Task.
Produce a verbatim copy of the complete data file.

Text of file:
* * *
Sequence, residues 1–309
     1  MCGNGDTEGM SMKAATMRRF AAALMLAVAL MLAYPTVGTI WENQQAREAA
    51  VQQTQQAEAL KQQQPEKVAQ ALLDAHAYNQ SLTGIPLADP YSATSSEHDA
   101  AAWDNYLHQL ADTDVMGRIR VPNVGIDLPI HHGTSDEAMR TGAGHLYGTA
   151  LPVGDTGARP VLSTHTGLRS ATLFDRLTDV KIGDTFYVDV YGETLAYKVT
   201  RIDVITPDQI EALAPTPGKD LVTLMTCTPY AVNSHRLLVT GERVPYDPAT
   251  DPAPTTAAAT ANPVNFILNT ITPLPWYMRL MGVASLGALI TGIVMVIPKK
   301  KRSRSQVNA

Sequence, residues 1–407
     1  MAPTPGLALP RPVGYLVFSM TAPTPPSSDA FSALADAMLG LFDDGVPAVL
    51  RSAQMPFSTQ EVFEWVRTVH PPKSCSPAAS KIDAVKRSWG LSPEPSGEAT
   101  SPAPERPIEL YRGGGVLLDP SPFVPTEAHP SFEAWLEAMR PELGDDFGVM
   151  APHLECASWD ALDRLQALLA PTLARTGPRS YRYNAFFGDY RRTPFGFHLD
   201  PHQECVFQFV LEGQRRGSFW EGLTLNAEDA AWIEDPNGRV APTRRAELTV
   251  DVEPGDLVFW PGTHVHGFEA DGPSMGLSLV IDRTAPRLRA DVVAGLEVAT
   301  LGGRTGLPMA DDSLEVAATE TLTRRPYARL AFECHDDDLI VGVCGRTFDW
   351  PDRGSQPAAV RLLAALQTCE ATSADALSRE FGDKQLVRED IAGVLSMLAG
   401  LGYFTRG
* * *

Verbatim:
Sequence, residues 1–309
     1  MCGNGDTEGM SMKAATMRRF AAALMLAVAL MLAYPTVGTI WENQQAREAA
    51  VQQTQQAEAL KQQQPEKVAQ ALLDAHAYNQ SLTGIPLADP YSATSSEHDA
   101  AAWDNYLHQL ADTDVMGRIR VPNVGIDLPI HHGTSDEAMR TGAGHLYGTA
   151  LPVGDTGARP VLSTHTGLRS ATLFDRLTDV KIGDTFYVDV YGETLAYKVT
   201  RIDVITPDQI EALAPTPGKD LVTLMTCTPY AVNSHRLLVT GERVPYDPAT
   251  DPAPTTAAAT ANPVNFILNT ITPLPWYMRL MGVASLGALI TGIVMVIPKK
   301  KRSRSQVNA

Sequence, residues 1–407
     1  MAPTPGLALP RPVGYLVFSM TAPTPPSSDA FSALADAMLG LFDDGVPAVL
    51  RSAQMPFSTQ EVFEWVRTVH PPKSCSPAAS KIDAVKRSWG LSPEPSGEAT
   101  SPAPERPIEL YRGGGVLLDP SPFVPTEAHP SFEAWLEAMR PELGDDFGVM
   151  APHLECASWD ALDRLQALLA PTLARTGPRS YRYNAFFGDY RRTPFGFHLD
   201  PHQECVFQFV LEGQRRGSFW EGLTLNAEDA AWIEDPNGRV APTRRAELTV
   251  DVEPGDLVFW PGTHVHGFEA DGPSMGLSLV IDRTAPRLRA DVVAGLEVAT
   301  LGGRTGLPMA DDSLEVAATE TLTRRPYARL AFECHDDDLI VGVCGRTFDW
   351  PDRGSQPAAV RLLAALQTCE ATSADALSRE FGDKQLVRED IAGVLSMLAG
   401  LGYFTRG